Wednesday, April 23, 2008

The call

So, in order to figure out how we need to properly import items to Armenia, I tried to arrange a call to AH from the Customs Committee. He is a person of authority at the Customs Committee and told our employees last time that if there is any issue he can help out.

I told AH that we are planning on importing a large quantity of computer equipment and asked him to help us arrange the paperwork in such a way so that there will be no problems when the equipment arrives.

His answer was in essence to get lost. He said he doesn't have time for this and that he would have to do this as a consultation outside of business hours.

I reminded him that last time it was he who told us that he can help us out with any question we had.

He said whether we had the following documents:

- Contract with exporting company (in the US)
- Invoices from exporting company
- Proof of payment (such as a bank wire)

I told him that we will have all this. But that last time, we also had this and we were told that we are missing documentation.

He said that times have changed and that they view these things more "liberally" now. To remind the reader, our last interaction with customs was in January 2008 or 3 months ago.

However, given that there is a new Customs Minister and that the newly elected president had recently blasted customs for being "corrupt", I'd like to assume that AH's words are truthful.

Project "Second Try"

In December/January of 2008, our company imported nearly $10000 worth of computer equipment for internal use. It was a nightmare scenario where we were given problems until the very end. My office manager visited the customs house and customs committee nearly 15 times. In the end, we received our hardware, but later found out that customs had overcharged us.

Today is the start of the new attempt to import equipment in Armenia.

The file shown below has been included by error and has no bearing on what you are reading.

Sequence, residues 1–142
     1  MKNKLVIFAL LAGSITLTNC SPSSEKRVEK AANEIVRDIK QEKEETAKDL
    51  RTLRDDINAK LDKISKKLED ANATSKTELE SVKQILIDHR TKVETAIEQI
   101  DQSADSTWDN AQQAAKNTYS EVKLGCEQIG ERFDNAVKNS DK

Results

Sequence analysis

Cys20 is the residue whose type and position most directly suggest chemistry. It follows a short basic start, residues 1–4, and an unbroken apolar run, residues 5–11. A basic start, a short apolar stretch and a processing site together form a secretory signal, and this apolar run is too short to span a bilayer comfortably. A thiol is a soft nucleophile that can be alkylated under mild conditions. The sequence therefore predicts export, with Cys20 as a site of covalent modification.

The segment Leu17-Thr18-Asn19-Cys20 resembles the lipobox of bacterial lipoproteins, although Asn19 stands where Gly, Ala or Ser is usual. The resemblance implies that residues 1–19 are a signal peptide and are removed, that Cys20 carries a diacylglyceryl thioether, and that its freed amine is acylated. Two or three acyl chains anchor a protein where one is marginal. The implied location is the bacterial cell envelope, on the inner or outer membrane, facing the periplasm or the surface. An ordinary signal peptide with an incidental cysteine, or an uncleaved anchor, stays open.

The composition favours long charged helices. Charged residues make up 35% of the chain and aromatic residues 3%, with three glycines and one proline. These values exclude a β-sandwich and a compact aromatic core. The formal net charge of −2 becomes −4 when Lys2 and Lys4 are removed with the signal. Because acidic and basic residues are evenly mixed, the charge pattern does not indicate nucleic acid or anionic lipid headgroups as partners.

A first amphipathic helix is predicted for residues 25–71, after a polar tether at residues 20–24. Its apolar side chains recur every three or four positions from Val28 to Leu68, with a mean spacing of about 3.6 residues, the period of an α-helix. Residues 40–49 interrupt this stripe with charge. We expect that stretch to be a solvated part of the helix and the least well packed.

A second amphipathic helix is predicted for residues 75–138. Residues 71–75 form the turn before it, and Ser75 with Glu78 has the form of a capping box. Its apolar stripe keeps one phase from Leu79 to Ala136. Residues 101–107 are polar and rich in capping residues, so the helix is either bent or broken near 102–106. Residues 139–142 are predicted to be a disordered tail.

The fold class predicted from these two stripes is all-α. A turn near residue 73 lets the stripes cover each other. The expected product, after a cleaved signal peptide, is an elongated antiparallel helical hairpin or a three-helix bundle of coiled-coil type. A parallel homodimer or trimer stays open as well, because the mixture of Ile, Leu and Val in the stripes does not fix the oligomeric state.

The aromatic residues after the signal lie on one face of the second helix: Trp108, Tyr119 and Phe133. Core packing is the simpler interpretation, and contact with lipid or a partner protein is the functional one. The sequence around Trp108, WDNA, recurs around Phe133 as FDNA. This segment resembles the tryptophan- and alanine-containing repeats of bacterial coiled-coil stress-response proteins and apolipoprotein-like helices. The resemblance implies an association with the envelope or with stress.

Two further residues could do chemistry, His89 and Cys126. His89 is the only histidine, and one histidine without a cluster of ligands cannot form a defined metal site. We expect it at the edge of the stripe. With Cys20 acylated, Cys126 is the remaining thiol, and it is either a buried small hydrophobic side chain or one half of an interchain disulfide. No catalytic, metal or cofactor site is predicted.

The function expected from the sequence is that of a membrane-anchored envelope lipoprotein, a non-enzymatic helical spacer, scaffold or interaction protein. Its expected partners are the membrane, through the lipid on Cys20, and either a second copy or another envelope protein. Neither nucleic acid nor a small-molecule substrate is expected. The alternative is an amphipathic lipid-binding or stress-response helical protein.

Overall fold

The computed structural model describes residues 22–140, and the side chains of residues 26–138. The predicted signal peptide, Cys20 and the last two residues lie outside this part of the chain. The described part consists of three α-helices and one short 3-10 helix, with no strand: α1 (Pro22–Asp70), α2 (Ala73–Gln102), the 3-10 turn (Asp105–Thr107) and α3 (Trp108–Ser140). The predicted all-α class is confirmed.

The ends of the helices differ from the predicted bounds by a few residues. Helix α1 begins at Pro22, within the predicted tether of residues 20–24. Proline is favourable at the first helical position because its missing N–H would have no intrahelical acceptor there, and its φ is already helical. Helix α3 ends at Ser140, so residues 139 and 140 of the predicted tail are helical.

This time, I will document every step in this process and post a complete account of our activities. Perhaps this time things will be different.

In this "Project Second Try", we will try to import nearly $5-10K worth of computer equipment. We plan to buy it from an online retailer in the US, ship it to a shipping company, which will then package our equipment and send it to Armenia. Once the equipment arrives in Armenia, we expect to receive a notice from Armenian Customs, after which we have to deal with lots of paperwork.

According to our experience last time, this is the paperwork we needed:

- Contract with exporting company
- Proof of payment to exporting company (bank wires)
- Invoice from exporting company

Last time, we had all of the above, but customs informed us that we were missing paperwork, such as "export certificate" and "certification of origin". We inquired in the US and no one in the export business advised us to get these documents (neither were they aware of them) for the type of goods we were exporting from the US.

We will call the person at Customs Committee for a better explanation of what we need this time.

Lets hope this works better than last time.

Saturday, February 16, 2008

Corruption in Armenia has to end!

One can name many ills that threaten Armenia today. However, after the Artsakh war, I would be hard-pressed to recall any other that carries so much potential for destructiveness than corruption.
The purpose of this blog is to bring more awareness of this terrible condition.

In 2004, after a brief consulting opportunity in Yerevan, I decided to conduct an experiment. I wanted to know whether it really was impossible for someone to be successful in Armenia, unless you're involved in corruption? Is corruption on the incline or decline?

You're welcome to read and participate in this blog as I explore this and other corruption-related topics.